3D printers may seem new, but they have actually been around since the 1980's where they were first used to create prototypes for new products like shoes.
Most of us have seen them at trade shows where useless little pieces of plastic were created right in front of our eyes. Yes it was cool but what most of us don't realize is that you were seeing the genesis of an invention as important as the printing press of 1450, the steam engine of 1750 and the transistor in 1950 (thank you Dr Karl)
What does the future hold for 3D printers and why are they seen as so important? How many useless little plastic things do we really need?
At this point the CEO of 3D Printing WorldWide (a fictional company I've made up for the purpose of this blog) would stroll out on stage and tell you the possibilities are limitless, and you know what, he is right.
Currently 3D printers create parts for Jet Engines both for use in civilian and military planes. Why is this important? Because these parts are printed and a designed to be operated in some of the most stressful engineering conditions imaginable.
It won't be long before each of us can buy a 3D printer that could print a spare part for your car, engine or transmission parts (sadly you will still need an overpriced mechanic to fit them) but the hope, the plan is that the 3D printer of the not too distant future will be able to print anything.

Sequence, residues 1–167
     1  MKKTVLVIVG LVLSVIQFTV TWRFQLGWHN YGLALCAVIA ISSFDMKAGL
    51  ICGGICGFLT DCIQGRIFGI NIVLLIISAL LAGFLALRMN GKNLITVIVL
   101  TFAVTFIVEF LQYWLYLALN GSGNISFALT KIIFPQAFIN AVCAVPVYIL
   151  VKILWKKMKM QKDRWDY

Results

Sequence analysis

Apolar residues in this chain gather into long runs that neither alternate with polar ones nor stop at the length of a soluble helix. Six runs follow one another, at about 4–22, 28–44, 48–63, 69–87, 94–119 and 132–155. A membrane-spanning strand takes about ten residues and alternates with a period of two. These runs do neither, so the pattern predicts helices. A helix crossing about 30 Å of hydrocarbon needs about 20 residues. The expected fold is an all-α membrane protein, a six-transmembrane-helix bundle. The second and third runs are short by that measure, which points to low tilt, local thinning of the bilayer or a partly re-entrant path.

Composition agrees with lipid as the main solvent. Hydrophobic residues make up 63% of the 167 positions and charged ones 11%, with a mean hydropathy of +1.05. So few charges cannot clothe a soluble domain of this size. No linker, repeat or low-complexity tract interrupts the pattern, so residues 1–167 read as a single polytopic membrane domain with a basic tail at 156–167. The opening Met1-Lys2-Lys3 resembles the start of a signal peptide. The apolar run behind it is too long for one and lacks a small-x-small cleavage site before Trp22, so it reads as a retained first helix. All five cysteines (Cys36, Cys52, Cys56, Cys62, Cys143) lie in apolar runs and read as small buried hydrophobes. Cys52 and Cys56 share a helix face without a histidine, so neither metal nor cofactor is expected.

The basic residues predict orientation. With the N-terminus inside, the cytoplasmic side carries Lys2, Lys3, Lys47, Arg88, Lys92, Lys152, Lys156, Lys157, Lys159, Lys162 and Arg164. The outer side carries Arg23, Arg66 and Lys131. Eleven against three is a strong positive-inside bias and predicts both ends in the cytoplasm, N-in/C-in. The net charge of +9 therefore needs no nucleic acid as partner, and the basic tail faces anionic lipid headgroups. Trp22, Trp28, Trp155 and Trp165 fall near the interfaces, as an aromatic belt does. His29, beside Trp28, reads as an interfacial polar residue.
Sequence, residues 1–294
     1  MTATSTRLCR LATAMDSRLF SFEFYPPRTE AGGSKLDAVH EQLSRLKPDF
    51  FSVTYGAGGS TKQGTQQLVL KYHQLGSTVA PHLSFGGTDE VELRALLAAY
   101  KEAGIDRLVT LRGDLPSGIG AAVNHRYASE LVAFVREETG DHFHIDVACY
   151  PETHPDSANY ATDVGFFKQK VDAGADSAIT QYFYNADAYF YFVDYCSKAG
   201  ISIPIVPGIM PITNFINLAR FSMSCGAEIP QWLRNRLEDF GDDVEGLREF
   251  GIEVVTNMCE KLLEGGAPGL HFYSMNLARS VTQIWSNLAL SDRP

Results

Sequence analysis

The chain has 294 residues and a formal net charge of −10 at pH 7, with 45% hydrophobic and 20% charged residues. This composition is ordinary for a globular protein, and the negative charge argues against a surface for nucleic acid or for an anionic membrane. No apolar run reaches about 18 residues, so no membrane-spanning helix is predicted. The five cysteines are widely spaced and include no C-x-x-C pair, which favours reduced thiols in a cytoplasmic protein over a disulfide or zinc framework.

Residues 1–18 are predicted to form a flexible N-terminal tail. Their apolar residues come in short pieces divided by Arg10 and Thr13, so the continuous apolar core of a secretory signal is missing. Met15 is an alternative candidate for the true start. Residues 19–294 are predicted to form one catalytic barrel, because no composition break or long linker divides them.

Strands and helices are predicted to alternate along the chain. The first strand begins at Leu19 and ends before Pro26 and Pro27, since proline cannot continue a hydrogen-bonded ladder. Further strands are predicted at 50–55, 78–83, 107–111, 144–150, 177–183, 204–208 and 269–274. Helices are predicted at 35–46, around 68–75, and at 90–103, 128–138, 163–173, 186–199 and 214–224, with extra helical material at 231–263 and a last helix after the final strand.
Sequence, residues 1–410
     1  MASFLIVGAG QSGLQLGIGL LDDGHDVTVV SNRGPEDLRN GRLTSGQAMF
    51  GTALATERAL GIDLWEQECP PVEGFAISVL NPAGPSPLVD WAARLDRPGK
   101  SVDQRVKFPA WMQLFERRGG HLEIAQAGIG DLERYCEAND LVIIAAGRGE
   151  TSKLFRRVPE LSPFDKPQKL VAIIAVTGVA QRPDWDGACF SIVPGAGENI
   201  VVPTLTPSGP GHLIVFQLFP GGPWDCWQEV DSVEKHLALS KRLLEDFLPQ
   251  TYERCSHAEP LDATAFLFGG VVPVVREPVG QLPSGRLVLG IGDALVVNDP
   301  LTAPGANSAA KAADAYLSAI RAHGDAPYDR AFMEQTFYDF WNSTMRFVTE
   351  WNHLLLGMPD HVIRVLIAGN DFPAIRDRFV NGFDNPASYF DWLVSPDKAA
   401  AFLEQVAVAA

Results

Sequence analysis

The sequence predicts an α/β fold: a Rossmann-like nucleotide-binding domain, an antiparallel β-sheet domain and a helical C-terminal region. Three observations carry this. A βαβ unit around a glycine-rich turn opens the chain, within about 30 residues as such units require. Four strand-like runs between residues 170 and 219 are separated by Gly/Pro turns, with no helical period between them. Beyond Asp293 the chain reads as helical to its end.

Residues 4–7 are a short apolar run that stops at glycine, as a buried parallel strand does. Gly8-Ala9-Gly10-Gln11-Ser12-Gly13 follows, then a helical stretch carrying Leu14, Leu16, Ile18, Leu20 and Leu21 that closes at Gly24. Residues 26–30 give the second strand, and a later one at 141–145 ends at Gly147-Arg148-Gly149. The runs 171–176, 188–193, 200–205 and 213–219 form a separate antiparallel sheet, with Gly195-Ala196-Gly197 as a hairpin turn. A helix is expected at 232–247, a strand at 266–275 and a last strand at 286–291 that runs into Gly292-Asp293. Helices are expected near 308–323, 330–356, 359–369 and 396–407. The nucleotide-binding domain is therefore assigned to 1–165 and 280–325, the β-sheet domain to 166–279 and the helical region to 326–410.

Today the material that is fed into 3D printers are plastics and higher grade industrial materials, in the future the materials that will feed into 3D printers will be the elements of the periodic table.
This will allow you to print anything, the marketplace of the future would be a website where you would select the item you want, lets pick the iPhone23, pay for it and the printing instructions will be downloaded and you would see your new phone printed right in front of your eyes.
There are still many challenges to be met before we can do this, but the same was said before man was sent to the moon and that was done using technology with far less power than the device I used to write this blog with.